Curious, when you used this farrier before, did you tend to put snow pads on your horse?

                      I would guess the tax mentioned is sales tax.


                      • #12
                        I'd ask him and the BO to figure out what happened. We've had similar stuff happen at our barn when the owner wasn't clear about what they wanted or somebody got confused. The guy isn't a mind reader -- just ask him what happened. Maybe the BO said everybody needs snow pads or something, meaning a certain group of horses and yours got included. I would have thought that the farrier would have seen the check you left and figured out you just wanted the basic shoeing, but I'd still make some inquiries to see what happened.


                        • #13
                          Why waste valuable energy and thinking on what may be just a simple misunderstanding? TALK ... with your farrier. Ask him why he put on the studs and pads since you never requested them. As was mentioned, perhaps the BO said something to lead him to believe that you wanted them. Be positive about it rather than allowing all that negative stuff to build up and cause *you* to feel badly. It just takes away from all the 'good stuff' and life is short enough as it is to be piling up and carrying all sorts of nasty stuff around w/you.
                          --Gwen <><
                          "Treat others as you want to be treated and be the change you want to see in the world."


                          • #14
                            IMO the answer to this question probably depends on whether or not you intend to retain the services of your farrier.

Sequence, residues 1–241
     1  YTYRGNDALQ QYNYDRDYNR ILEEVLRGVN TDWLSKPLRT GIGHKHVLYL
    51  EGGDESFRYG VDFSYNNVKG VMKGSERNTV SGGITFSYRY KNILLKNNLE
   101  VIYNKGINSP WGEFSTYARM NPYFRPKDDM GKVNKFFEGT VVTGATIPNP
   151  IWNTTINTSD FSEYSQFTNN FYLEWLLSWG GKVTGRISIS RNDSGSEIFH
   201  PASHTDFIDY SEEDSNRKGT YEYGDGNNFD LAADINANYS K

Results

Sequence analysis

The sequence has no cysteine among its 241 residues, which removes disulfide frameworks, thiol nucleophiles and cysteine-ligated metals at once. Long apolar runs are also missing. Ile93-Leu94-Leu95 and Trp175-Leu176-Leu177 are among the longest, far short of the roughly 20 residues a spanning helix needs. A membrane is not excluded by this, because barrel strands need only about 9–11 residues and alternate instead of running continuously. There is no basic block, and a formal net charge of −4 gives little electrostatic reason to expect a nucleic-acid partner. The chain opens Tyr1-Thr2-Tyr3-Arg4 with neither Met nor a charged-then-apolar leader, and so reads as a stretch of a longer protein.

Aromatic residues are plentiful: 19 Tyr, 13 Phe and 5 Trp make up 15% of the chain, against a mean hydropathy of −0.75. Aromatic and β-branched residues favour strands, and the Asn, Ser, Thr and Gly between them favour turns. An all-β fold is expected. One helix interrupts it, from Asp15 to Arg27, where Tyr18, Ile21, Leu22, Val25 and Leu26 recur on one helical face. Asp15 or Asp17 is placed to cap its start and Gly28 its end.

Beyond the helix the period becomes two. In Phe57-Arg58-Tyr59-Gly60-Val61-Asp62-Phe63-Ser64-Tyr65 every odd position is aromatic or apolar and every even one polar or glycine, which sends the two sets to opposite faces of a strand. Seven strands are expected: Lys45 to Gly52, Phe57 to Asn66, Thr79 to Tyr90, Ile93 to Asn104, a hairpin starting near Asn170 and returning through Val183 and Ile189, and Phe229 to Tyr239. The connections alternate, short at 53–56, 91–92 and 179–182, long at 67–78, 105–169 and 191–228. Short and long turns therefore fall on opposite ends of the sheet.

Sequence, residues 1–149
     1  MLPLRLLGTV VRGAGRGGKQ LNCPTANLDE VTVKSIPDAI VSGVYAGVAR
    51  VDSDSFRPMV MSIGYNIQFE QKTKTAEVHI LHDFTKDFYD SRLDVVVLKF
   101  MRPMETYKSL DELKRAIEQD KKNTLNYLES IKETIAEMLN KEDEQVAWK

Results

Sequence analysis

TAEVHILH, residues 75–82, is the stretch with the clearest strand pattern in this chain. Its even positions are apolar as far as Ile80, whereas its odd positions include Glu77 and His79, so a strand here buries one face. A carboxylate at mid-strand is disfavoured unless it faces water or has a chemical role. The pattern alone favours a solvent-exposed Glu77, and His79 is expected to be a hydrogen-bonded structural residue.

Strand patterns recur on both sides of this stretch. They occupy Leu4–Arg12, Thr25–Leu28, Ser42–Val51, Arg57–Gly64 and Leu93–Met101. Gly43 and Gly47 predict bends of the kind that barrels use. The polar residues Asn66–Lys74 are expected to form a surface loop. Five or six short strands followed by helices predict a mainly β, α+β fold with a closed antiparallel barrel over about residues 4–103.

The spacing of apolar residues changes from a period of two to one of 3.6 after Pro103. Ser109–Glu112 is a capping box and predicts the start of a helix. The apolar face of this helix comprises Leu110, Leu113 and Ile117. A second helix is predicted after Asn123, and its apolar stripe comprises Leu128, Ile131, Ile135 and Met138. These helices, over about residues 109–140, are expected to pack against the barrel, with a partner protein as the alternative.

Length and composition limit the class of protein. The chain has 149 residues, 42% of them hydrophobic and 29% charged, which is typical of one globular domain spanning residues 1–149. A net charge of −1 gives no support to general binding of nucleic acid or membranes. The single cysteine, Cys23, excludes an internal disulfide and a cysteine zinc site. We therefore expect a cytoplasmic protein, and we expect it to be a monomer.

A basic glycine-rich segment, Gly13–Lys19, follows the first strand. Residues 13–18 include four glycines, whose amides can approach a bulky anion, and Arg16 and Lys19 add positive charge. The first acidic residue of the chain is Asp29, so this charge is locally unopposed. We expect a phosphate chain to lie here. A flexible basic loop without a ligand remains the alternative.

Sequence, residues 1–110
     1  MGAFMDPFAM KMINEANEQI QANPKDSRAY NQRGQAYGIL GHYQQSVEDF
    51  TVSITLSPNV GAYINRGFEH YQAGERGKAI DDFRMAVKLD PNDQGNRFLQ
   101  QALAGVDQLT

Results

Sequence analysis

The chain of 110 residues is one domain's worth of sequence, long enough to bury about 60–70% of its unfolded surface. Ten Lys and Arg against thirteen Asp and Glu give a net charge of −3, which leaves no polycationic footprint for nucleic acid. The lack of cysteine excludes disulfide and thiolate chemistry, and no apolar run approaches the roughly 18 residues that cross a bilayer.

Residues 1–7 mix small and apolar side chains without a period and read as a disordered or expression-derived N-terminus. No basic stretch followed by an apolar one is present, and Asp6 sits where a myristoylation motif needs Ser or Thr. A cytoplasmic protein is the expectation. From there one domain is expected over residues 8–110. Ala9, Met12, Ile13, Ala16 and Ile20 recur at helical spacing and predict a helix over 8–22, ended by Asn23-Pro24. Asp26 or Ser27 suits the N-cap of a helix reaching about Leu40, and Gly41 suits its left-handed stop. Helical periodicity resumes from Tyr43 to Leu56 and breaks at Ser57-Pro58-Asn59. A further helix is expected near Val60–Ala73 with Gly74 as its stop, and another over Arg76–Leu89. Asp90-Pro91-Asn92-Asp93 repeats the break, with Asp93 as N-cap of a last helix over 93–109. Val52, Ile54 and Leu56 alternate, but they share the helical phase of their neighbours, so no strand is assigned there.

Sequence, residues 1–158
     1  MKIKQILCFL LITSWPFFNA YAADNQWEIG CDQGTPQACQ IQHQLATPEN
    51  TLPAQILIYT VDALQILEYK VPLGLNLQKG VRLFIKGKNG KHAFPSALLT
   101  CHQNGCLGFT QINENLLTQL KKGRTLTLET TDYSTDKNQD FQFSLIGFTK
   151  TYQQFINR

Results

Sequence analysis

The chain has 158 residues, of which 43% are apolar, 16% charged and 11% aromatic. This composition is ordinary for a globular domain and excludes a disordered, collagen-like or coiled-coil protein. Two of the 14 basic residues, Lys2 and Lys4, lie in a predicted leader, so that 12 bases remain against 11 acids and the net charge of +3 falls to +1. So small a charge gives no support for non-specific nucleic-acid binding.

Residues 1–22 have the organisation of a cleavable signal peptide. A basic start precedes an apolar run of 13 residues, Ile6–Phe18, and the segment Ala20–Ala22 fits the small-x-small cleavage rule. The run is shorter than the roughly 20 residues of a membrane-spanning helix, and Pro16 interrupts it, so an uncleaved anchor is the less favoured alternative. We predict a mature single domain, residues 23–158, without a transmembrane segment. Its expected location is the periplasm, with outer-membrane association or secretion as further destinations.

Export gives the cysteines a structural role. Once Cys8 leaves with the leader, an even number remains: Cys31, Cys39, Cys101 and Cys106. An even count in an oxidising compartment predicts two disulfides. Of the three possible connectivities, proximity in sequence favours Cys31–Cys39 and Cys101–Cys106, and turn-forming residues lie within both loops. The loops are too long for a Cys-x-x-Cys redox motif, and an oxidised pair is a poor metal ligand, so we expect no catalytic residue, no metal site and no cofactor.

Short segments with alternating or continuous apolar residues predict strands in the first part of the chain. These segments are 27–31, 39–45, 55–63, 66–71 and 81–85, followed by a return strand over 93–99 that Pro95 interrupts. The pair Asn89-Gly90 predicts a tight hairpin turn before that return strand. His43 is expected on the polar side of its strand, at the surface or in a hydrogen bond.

"Kindness is free" ~ Eurofoal
                            The CoTH CYA - please consult w/your veterinarian under any and all circumstances.


                            • #15
                              In all the years I have been in this, I only twice had a farrier do anything extra when I was not there and that was because the BO either asked directly for it or gave the impression I wanted it.

                              There was no problem adjusting the charges however I did pay for the materials used for the pour in pads-I refused to pay the extra 15 for a drill and tap-on a 3' Hunter- in the other case.

                              Since you were not there and you had not recently used this farrier, I don't necessarily think you got screwed.

                              Talk to them both and see what happened. Make your wishes clear to both and don't assume they know what you want or don't want.

                              I'd probably pay for it this time, the farrier did the work and provided the materials out of pocket so thought that is what you wanted. Just make sure you are clear in the future.